The heaviest Pines, in proportion to the number of pips we have ever cut, were from plants that had never been subjected to higher bottom-heat than 82° or 83°, and that figure we never attempt to go beyond with fire-heat. I saw some time ago, at a horticultural exhibition, a Queen Pine about 24 lb. weight, which had deservedly received the first prize, though much larger fruit were entered against it; but it was one of the most beautifully-developed fruits I ever saw, and on that account it was awarded the prize. I afterwards found that it had been grown on a bed of leaves, about 2 feet deep, in a pit, and that the plant had not been disturbed for six or eight months.

I must confess to a hankering after the old-fashioned hotbed, in preference to hot-water pipes. Though it entails more labour and inconvenience, there is a virtue about it that the hot chamber does not possess; and in conformity with this predilection, and as we happen to have a good command of leaves, we use them rather extensively. We winter our fruiting Pines in a house heated with hot water above and below, because we can graduate the heat better; and we keep them there until they are about showing fruit, when they are moved into another house where a bed of leaves has been prepared, upon which they are just set but not plunged, the pots being filled up between with rotten leaf-mould, the better to guard against a too-violent heat. When our present fruiting plants were moved into this house in December last, the bottom-heat stood at 78° at the bottoms of the pots. When the fruit was fairly visible, the temperature of the house was raised 5°, and the temperature of the bed rose gradually to 84°. It has never exceeded this yet, and the earliest plants are now (March 12) out of bloom; the fruit is well above the foliage, robust, and full of promise.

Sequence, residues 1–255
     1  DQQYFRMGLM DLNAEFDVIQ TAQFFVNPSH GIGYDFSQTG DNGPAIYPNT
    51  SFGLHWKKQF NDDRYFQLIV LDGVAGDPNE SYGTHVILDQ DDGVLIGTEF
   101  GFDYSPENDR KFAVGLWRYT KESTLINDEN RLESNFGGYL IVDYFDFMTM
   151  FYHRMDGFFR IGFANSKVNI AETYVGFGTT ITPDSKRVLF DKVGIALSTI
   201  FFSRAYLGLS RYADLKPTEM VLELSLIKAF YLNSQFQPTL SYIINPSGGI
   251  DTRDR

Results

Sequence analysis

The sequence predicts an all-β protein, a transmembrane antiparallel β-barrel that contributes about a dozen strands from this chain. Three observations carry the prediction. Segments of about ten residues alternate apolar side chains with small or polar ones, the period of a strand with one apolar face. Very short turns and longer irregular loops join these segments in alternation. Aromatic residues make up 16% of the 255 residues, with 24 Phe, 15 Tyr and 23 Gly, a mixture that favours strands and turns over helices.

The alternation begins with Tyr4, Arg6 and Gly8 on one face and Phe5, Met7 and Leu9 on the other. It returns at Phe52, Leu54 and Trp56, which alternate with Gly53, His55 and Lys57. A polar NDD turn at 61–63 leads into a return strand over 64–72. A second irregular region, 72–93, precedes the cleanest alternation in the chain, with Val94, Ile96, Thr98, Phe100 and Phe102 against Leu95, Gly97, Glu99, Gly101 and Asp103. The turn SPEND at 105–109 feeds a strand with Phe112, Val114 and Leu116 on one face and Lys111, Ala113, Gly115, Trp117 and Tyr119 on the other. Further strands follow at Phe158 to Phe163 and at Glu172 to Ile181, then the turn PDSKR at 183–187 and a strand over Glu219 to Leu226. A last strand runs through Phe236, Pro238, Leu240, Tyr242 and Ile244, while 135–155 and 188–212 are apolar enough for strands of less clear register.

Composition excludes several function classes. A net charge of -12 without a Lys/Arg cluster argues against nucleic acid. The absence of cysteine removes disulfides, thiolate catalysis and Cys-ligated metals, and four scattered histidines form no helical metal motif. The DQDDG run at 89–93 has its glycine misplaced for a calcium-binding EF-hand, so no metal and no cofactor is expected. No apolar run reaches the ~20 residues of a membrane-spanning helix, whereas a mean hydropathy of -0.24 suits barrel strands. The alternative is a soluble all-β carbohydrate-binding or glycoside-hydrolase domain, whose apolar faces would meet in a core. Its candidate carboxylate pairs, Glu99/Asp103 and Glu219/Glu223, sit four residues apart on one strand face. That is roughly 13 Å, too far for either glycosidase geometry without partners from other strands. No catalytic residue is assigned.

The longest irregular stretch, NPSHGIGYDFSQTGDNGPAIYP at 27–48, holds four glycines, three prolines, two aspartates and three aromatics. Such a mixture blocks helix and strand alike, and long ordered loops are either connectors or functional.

The heat of this bed will last for twelve months, and after the fruit is cut off the present lot in June, the succession plants will take their place without any additional fermenting material, and be left till they complete their growth, as we fancy the gradual subsidence of the heat of a leaf-bed more congenial to the perfect maturation of the plants.

It is better, certainly, to have a command of bottom-heat by means of pipes when needful. Still, though I never made the experiment purposely, I have seen sufficient to convince me that, were the plunging beds of pine-stoves always properly insulated, so that the plunging material would not come in contact with the cold outer walls of the house, whereby it is robbed of its heat, Pines and other things might be grown during summer at least without the aid of pipes or fermenting material, as heat sufficient to maintain healthy root-action would be communicated to the soil from the air of the house. In confirmation of what I say, I will relate an instance that came under my notice here within the last twelve months. One of our pine-stoves, an old house, is constructed something on the principle I have hinted at; i.e., the pit inside the house is separated from the outside walls by a sunk path which runs all round it. In November 1867 this pit was filled up with leaves, which were turned over and incorporated with some decayed leaf-mould, the remains of a former hotbed. Cucumbers were grown in the house during winter and spring, and after they were over the bed was levelled down and a lot of succession Pines were plunged in it.